The Role of 3D Printing in Dentistry

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For quite a while, 3D printing has been prophesied to be a disruptive technology in the manufacturing world. Whether it is defense and aerospace or design and art, 3D printing has garnered tremendous attention and turned out to become a study with great interest with a wide range of applications.

Two applications that have had much traction over the past few years are 3D modeling and imaging technologies. CAD and CAM technologies have already been used in dentistry, a crucial aspect of 3D systems.

Various studies are being conducted to develop new ways to use 3D printing principles in dentistry. Some applications of 3D printing in dentistry that have gained prominence over the years are the manufacturing of craniomaxillofacial, orthopedic, and dental implants, the fabrication of prosthodontic physical models, and the production of frameworks and copings for dental restorations and implants. This article shall explain these concepts and elucidate their relevance in dentistry.

What is 3D Printing?

3D printing is a manufacturing method that builds one layer of an object at a time, adding multiple layers one over the other. This method uses additive manufacturing principles and is also widely known as rapid prototyping.

Applications of 3D Printing in Dentistry

Medical Modeling

The earliest application of 3D printing that has shown the most progress in dentistry and medical science is the manufacturing of an anatomical ‘study model.’ Along with CBCT, another pathbreaking technological advancement that has made its foray into mainstream dentistry, this application has entirely transformed how the diagnosis and solutions of various dental issues are carried out.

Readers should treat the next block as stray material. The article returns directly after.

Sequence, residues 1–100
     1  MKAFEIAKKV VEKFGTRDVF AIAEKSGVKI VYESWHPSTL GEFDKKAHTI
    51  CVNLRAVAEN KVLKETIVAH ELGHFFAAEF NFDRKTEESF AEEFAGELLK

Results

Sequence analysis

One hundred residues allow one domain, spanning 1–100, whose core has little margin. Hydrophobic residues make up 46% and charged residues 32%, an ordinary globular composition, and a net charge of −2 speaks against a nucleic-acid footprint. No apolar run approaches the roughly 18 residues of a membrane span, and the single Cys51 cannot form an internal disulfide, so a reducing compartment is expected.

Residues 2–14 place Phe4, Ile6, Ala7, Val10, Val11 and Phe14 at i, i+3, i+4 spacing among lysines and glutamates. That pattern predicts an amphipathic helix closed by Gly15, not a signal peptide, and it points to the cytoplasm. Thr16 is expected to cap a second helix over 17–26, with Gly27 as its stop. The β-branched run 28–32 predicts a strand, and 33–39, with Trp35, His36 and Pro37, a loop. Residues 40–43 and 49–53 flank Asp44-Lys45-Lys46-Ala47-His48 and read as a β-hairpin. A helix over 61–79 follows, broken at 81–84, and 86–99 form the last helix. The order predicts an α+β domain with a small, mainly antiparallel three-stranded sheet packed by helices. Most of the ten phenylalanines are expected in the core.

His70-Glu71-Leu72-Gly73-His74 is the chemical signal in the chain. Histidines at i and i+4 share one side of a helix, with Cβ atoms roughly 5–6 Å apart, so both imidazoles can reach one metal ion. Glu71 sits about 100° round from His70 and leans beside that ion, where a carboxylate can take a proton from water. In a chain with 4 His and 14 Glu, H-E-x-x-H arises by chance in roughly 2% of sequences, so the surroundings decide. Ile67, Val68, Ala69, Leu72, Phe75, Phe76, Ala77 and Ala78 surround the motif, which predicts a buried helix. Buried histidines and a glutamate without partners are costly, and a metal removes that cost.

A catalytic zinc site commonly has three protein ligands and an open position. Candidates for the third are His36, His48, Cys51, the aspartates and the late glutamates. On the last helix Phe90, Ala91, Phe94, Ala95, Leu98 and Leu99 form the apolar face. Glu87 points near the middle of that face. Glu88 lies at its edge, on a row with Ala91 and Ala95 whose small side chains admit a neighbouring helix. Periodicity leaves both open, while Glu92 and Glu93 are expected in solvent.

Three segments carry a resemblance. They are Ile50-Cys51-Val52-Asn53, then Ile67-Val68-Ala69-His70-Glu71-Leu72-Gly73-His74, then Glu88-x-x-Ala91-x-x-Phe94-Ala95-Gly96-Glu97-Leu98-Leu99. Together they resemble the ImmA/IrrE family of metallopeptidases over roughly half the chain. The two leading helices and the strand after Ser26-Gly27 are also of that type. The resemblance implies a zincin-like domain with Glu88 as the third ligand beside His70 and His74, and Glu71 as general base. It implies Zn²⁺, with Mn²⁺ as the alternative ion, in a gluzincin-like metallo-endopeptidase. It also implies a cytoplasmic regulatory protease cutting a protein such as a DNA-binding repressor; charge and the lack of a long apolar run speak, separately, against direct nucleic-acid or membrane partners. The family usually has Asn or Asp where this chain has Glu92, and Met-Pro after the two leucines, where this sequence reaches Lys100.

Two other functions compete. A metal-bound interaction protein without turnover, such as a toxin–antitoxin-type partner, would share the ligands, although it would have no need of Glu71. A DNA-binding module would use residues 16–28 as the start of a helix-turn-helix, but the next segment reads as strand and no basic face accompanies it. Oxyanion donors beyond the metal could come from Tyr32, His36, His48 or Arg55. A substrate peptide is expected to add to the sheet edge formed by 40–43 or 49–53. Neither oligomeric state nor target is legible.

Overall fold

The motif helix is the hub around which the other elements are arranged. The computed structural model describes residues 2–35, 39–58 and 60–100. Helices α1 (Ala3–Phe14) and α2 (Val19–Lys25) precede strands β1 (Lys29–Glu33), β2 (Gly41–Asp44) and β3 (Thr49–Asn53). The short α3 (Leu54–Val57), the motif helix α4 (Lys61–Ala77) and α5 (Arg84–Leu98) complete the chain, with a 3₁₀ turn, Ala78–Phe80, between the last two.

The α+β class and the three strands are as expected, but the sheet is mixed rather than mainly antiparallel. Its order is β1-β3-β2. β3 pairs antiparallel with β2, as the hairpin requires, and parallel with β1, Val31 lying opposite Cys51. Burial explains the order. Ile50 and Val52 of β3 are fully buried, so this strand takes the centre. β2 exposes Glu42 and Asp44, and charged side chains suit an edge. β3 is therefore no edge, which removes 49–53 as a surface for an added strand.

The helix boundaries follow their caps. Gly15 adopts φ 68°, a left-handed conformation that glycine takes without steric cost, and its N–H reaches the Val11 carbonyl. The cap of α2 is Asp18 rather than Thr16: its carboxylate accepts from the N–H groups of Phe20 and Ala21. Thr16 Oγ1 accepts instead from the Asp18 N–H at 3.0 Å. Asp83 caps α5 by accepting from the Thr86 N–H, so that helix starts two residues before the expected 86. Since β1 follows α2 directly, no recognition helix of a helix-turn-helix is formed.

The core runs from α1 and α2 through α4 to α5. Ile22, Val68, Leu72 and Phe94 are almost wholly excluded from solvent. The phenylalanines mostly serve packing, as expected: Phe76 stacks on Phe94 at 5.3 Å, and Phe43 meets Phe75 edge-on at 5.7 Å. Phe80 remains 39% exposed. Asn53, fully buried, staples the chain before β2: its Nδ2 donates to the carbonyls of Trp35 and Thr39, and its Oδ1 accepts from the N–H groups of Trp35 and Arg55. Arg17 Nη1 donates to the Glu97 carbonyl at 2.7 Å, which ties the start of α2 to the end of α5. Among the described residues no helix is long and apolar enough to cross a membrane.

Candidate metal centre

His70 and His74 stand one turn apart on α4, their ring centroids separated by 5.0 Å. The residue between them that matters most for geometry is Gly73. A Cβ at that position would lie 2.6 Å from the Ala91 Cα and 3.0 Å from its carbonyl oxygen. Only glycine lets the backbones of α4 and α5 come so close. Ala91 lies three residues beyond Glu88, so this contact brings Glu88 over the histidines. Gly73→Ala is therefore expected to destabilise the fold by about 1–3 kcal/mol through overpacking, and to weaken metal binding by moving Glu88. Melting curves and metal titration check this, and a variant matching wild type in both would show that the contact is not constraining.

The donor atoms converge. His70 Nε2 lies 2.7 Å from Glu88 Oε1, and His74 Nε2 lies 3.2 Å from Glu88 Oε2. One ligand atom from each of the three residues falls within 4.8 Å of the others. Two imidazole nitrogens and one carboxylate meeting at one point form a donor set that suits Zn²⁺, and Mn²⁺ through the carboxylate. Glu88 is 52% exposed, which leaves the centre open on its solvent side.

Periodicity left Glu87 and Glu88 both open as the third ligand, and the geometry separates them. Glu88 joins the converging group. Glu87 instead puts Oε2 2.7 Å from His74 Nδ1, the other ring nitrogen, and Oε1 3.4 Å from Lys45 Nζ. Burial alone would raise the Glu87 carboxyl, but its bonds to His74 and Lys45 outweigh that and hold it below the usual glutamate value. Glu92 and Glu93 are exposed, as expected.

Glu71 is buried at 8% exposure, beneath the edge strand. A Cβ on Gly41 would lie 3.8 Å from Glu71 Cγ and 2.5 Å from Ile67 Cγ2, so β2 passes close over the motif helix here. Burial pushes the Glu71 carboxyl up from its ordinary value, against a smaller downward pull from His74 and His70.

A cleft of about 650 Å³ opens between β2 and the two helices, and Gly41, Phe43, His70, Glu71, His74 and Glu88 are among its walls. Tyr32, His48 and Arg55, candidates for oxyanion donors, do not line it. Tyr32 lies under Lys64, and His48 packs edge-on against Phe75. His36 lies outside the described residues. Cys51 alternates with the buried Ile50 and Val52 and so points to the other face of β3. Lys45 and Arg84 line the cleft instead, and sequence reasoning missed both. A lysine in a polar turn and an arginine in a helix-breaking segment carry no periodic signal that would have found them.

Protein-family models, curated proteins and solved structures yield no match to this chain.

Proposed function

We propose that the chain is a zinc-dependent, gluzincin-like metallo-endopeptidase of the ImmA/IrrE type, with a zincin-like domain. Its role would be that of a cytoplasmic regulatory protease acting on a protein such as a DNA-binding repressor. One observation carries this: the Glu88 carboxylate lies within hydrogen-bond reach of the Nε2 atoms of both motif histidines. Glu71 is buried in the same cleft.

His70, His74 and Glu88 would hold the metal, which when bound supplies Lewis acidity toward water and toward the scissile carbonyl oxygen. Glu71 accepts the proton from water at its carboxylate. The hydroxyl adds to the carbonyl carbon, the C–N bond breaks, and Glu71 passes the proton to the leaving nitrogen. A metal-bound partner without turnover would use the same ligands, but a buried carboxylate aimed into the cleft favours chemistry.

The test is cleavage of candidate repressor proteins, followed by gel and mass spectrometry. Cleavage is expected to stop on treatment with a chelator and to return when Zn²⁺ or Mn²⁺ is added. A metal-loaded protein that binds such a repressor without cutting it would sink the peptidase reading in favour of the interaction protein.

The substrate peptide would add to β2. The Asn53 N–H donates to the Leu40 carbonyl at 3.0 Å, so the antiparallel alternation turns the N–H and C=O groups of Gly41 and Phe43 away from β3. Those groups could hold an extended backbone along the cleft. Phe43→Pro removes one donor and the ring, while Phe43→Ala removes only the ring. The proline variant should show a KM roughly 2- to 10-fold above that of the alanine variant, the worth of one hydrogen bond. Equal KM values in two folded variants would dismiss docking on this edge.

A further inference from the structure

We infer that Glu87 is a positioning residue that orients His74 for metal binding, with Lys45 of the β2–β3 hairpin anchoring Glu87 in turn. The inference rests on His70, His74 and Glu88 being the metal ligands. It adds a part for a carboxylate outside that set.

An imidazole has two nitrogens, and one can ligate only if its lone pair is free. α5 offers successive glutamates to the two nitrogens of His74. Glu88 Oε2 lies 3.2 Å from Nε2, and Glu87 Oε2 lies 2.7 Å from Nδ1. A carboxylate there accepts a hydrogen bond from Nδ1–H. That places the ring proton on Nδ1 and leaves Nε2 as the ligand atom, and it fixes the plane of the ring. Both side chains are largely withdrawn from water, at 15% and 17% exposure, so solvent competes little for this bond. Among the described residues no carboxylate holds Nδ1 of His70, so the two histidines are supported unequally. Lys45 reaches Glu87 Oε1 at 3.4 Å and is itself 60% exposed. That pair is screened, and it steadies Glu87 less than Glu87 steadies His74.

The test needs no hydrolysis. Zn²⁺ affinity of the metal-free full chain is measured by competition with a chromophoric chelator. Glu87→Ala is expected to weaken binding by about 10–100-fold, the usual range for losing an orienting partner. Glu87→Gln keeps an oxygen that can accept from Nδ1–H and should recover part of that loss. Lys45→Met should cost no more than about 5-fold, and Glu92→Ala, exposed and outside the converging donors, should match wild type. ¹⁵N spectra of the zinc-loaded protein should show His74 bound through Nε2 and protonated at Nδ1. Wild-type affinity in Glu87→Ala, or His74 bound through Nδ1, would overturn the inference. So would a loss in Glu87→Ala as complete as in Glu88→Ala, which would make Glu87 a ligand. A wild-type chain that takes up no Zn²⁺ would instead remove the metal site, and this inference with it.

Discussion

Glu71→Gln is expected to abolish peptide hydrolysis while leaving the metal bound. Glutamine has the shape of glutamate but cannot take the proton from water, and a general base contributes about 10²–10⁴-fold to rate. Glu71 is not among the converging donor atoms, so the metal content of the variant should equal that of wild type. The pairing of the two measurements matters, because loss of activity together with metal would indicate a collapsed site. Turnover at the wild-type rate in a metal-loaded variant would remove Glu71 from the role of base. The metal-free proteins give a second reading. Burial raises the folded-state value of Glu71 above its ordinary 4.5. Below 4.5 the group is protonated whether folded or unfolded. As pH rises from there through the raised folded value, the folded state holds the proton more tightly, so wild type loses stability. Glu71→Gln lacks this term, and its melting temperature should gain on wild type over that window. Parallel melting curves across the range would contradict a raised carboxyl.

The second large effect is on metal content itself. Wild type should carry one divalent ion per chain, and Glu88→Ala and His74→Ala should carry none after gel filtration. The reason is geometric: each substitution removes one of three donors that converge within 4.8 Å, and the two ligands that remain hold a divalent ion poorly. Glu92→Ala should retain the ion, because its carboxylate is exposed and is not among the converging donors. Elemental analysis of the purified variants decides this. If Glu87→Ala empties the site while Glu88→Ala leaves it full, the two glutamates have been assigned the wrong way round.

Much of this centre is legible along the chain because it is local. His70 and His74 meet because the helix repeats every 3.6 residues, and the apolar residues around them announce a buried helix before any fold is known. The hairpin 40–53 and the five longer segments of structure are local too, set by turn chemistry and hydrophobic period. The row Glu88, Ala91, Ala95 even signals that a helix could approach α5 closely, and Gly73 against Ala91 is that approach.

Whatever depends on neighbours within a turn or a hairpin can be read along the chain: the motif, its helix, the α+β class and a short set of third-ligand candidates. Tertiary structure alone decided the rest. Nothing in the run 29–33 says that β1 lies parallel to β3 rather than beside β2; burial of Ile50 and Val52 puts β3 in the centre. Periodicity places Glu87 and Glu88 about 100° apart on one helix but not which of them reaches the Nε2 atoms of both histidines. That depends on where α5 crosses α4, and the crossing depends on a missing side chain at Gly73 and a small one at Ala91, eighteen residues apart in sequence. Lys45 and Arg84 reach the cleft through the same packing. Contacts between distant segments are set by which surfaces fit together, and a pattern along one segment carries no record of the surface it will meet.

Drilling and Cutting Guides

Medical tools must be precise and robust. They also need to be capable of disinfection and sterilization and possess the ability to be used in surgical environments. One excellent tool is the drill guide which has found great use in dentistry apart from being fully embraced by orthopedics in knee replacement surgeries.

Denture Frameworks and Crown Copings

The applications of laboratory scanners and intraoral optical scanners have made it possible to develop accurate virtual models of implant positions, prepared teeth, and dental arches. Treatments in fixed and removable prosthodontics can be designed using various CAD software. These CAD designs and data could be used to print or mill bridge structures, implant abutments, and bridge or crown copings.

Dental Implants

Multiple manufacturers worldwide have been applying 3D printing technologies to develop novel dental implant solutions. They have rough and porous surfaces. Although porous and rough surface dental implants have been infamous over the years to disappear as their fallacies become more surface, new technologies are being tested and tried to overcome their shortcomings. 

New methods are also being developed to produce multiple batches of highly complex dental implants as 3D printing can produce complex geometries, which milling doesn’t and can hence be used to create intricate implants with bone-like morphology.

In Conclusion

As time progresses, studies are being carried out, leading to new technologies being developed that only widen the horizons of 3D printing. 3D printing has revolutionized how medical science progresses and has had a significant effect on dentistry as well, which in all respect is only expected to grow.

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